Klosters, is an Alpine ski village, in the Prättigau Swiss tourist area, in southern Switzerland, below Liechtenstein. Its full anme was Klosters-Serneus, after the municipality in which it finds itself, but it's now, just Klosters. There's the Dorf (Village) and Kloster Platz (Place), and some small settlements. It's also famous for celebrities and especially, as the Royal family’s resort of choice. There's even a cable car, named after the Prince of Wales. Fortunately, it doesn’t seem any more exclusive or expensive than the rest of Switzerland, bearing in mind that Switzerland always burns a large hole in your wallet anyway. Apparently, it specialises in 'discreet luxury'. Also fortunately, the Royal family aren’t here.
I'm with friend Lenka instead. And we've travelled 93 miles in a bus from Zurich, the nearest international airport.
Ski areas include the Madrisa, also home to the Madrisa Land Adventure Park, and the whole of Davos (six miles to the north), which is connected to Klosters by the Gotschnabahn cable car. I’ve skied in Davos before, on a day trip from Italy (there wasn’t any snow in Livigno where I was). There’s the famous mountain railway, which is fun to ride - a different experience - and the slopes are wide, cruisy and attractive. Unfortunately, at the weekend they can be appealing to a lot of folk, so descent then can be a little stressful, unless you don’t mind how many Germans you take out, whilst emulating Franz Klammer.
Crowds are a good excuse to retreat to the mountain huts and indulge in Tiroler gröstl (a sort of bacon, potato and onion left over fry up with a fried egg on top) or one of the delicious melted cheese concoctions on offer.
In the village there are cuckoo clock shops, as well as the predictable designer gear – skiing or otherwise. The, there's the Nutli-Hüschi Folk Museum, in a cute 16th-century wooden house. It exhibits artifacts depicting life in the Alps and village over the last two hundred years. The chalets are pretty and the bars elegant and surprisingly quiet. Very different to raucous Austrian après ski. But there's usually someone for us to chat to.
Read more about Switzerland here.
Paul, who I met in Australia, was posted to Basel, so I went to visit him for a weekend. We hired a convertible Mercedes and drove round Switzerland with the top down, Moby blaring, and Paul shouting ‘Nice arse’, at assorted astonished young men, as we shot by.
German speaking Basel is Switzerland's third largest city (after Zurich and Geneva) and unexpectedly interesting. I thought it would be like Zurich - full of banks and gnomes, but it turns out to be Switzerland's cultural capital, with 40 odd museums and the country's oldest university. There's the Rhine, washing through the centre and crossed by turreted bridges. It has a medieval Old Town, centred around Marktplatz, You can't miss the sixteenth-century, red-sandstone Town Hall, with its amazing frescoes. The twelfth-century Gothic cathedral contains the tomb of Dutch scholar, Erasmus. And there are modern sculptures enlivening the office buildings.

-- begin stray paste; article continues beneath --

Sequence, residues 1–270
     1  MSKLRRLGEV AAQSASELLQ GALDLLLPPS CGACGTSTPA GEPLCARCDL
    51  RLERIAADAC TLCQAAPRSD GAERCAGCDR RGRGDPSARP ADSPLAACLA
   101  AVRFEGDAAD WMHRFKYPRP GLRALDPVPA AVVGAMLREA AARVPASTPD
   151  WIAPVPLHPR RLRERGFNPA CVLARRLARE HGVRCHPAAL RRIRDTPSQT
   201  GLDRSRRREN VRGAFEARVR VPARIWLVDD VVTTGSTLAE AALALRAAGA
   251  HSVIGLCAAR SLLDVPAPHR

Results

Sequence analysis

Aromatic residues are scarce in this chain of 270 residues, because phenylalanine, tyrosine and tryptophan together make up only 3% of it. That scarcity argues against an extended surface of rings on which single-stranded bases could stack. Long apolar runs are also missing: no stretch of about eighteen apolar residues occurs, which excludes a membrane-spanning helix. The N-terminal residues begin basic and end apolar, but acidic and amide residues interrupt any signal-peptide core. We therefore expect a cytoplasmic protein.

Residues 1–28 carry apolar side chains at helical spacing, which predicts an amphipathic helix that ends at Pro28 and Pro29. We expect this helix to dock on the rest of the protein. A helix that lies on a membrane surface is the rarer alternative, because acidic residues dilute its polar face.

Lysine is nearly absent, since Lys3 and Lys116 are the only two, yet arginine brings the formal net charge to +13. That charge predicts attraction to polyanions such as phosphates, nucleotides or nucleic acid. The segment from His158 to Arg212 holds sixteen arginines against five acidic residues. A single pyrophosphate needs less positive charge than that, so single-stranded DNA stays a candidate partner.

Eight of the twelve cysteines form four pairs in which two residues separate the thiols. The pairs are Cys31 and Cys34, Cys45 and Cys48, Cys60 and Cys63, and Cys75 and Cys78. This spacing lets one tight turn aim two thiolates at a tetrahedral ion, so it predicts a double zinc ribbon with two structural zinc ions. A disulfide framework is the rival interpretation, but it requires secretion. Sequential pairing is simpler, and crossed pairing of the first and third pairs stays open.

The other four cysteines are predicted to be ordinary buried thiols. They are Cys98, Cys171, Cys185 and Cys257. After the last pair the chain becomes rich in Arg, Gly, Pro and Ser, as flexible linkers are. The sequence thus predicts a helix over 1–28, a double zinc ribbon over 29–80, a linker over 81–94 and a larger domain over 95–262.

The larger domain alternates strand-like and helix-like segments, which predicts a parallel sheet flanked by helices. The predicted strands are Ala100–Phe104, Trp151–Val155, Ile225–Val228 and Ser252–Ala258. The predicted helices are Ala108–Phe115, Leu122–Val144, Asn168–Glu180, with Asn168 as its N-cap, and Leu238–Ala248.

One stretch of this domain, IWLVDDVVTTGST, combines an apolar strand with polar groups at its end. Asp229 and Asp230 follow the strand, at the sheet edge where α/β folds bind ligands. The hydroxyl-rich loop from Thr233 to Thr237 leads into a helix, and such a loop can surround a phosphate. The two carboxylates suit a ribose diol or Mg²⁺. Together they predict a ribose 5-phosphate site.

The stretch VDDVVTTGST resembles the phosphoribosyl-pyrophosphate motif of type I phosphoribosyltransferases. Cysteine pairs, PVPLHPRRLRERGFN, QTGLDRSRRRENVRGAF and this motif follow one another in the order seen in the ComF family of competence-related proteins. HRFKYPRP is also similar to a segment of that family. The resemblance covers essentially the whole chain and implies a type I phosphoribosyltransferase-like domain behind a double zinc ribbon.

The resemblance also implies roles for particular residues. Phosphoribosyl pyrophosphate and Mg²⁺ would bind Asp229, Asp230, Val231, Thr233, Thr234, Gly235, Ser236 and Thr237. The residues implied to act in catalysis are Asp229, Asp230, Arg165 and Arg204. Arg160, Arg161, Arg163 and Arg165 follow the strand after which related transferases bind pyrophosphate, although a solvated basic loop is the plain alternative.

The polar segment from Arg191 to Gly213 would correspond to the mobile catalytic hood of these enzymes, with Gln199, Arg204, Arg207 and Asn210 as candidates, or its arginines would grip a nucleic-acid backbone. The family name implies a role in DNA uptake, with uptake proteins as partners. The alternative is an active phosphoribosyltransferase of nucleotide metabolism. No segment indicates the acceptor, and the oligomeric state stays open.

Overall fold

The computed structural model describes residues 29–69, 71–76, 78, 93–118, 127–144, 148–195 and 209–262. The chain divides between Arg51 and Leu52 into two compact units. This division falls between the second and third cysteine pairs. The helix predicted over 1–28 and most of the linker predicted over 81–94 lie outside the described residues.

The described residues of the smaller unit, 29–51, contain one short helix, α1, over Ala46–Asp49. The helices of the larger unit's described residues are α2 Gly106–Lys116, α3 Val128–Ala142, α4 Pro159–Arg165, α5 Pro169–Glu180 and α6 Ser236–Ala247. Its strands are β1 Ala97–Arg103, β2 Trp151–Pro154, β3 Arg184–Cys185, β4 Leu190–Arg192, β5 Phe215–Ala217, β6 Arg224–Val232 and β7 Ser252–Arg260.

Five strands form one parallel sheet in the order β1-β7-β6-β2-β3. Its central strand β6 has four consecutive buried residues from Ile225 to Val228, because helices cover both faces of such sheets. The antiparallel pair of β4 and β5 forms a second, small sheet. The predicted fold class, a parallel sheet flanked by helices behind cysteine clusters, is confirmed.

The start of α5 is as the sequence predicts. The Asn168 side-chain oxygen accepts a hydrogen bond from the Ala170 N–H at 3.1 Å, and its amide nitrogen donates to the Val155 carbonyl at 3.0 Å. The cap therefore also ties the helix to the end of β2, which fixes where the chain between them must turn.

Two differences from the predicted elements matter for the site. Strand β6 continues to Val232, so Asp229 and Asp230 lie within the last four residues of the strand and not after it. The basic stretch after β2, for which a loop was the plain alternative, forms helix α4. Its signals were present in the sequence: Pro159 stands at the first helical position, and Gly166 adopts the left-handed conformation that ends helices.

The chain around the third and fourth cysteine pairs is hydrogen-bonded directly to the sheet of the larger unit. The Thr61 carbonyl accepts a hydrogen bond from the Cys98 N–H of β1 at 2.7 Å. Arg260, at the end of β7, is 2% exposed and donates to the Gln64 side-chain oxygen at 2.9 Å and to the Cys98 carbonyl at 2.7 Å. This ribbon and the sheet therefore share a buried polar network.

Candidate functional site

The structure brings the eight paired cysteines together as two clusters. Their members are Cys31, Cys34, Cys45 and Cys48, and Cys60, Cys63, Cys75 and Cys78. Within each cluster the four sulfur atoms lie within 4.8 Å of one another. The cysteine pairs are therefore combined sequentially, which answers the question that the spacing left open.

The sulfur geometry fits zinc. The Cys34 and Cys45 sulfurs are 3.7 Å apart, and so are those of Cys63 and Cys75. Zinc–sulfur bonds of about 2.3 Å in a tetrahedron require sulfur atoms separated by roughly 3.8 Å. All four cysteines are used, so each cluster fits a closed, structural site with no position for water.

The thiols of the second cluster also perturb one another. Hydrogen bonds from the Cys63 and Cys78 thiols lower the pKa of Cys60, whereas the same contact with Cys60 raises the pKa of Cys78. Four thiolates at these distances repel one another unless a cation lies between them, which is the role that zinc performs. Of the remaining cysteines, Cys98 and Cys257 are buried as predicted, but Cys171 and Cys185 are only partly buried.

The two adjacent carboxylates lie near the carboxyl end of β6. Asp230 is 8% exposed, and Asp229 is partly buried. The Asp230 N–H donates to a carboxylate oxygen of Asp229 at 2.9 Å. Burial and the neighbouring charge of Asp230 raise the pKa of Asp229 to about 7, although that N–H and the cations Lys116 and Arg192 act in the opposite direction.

Switzerland is beautiful, the mountain air chilly and invigorating, and the weather unpredictable. We loop south from Basel, past Berne. Switzerland doesn't officially have a capital, but Berne is usually considered to take that title. The Federal Assmebly meets there. Towards Interlaken. There are stunning views across teal blue Lake Thun. Schloss Spiez is beautifully located on its shores. It's a good place to stop for refreshment.
Now we are in traditional resort land, the mountainous Bernese Oberland region, of central Switzerland. Old timber houses, swathes of emerald green in the alpine meadows. This is where the tourists come to hike and ski. On the far side of Interlaken - The Brennersee. The town sits nicely between them - that's how it got its name.
Meandering south (and up) The Eiger, the Wetterhorn and the Jungfrau mountains all make distinctive cameo appearances. The velvety curving valleys are sprinkled with wooden steep roofed chalets and dappled cattle, just like the Milka adverts. The Murrenbachfall, at 417 metres, is the tallest waterfall in the country.
Back east and north to Lucerne. It's popular with tourists - it's charming and situated on another gorgeous lake - so is usually busy, but today, there is a festival on. The bars are uncomfortably rammed and the famous wooden bridges, over the River Reuss, are solid with people, bikes and balloons. The most famous bridge is The Chapel Bridge. It's named after the nearby St. Peter's Chapel and is covered, with interior paintings dating back to the 17th century. It is the oldest wooden covered bridge in Europe. The little boutiques, just as you would have expected, offer cuckoo clocks, chocolate and hats with feathers in them.
Time for a saunter in Zug. This is an especially delightful little town. It's really colourful, with yet another historic centre, windy streets and the gorgeous Landsgemeindeplatz, the main square on the lake, of the same name. This town dates back to the early 13th century and the Counts of Kyburg. There's an ornate tower gateway in the walls, an astronomical timepiece, a late gothic town hall and St. Oswald’s church, with a stripy patterned roof. Not to mention the carefully manicured beach, or the casino.
The views across the Alps and lake are of course, stunning. And the town's website boasts that it has the world’s most beautiful sunset.
And back to Basel. Very satisfying, and completed with Swiss efficiency.
Read more about Switzerland here.
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